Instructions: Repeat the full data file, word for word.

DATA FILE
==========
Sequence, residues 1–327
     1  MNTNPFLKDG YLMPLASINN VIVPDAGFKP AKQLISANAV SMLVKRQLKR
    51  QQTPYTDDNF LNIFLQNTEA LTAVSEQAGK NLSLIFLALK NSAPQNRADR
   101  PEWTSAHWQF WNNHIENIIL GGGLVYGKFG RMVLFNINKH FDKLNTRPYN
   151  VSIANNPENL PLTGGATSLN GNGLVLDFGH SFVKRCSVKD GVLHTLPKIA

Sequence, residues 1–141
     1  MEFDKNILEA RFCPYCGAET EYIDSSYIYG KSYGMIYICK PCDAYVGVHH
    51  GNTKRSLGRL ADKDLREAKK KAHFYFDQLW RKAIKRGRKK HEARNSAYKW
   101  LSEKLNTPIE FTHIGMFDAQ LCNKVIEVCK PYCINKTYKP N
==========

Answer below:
Sequence, residues 1–327
     1  MNTNPFLKDG YLMPLASINN VIVPDAGFKP AKQLISANAV SMLVKRQLKR
    51  QQTPYTDDNF LNIFLQNTEA LTAVSEQAGK NLSLIFLALK NSAPQNRADR
   101  PEWTSAHWQF WNNHIENIIL GGGLVYGKFG RMVLFNINKH FDKLNTRPYN
   151  VSIANNPENL PLTGGATSLN GNGLVLDFGH SFVKRCSVKD GVLHTLPKIA

Sequence, residues 1–141
     1  MEFDKNILEA RFCPYCGAET EYIDSSYIYG KSYGMIYICK PCDAYVGVHH
    51  GNTKRSLGRL ADKDLREAKK KAHFYFDQLW RKAIKRGRKK HEARNSAYKW
   101  LSEKLNTPIE FTHIGMFDAQ LCNKVIEVCK PYCINKTYKP N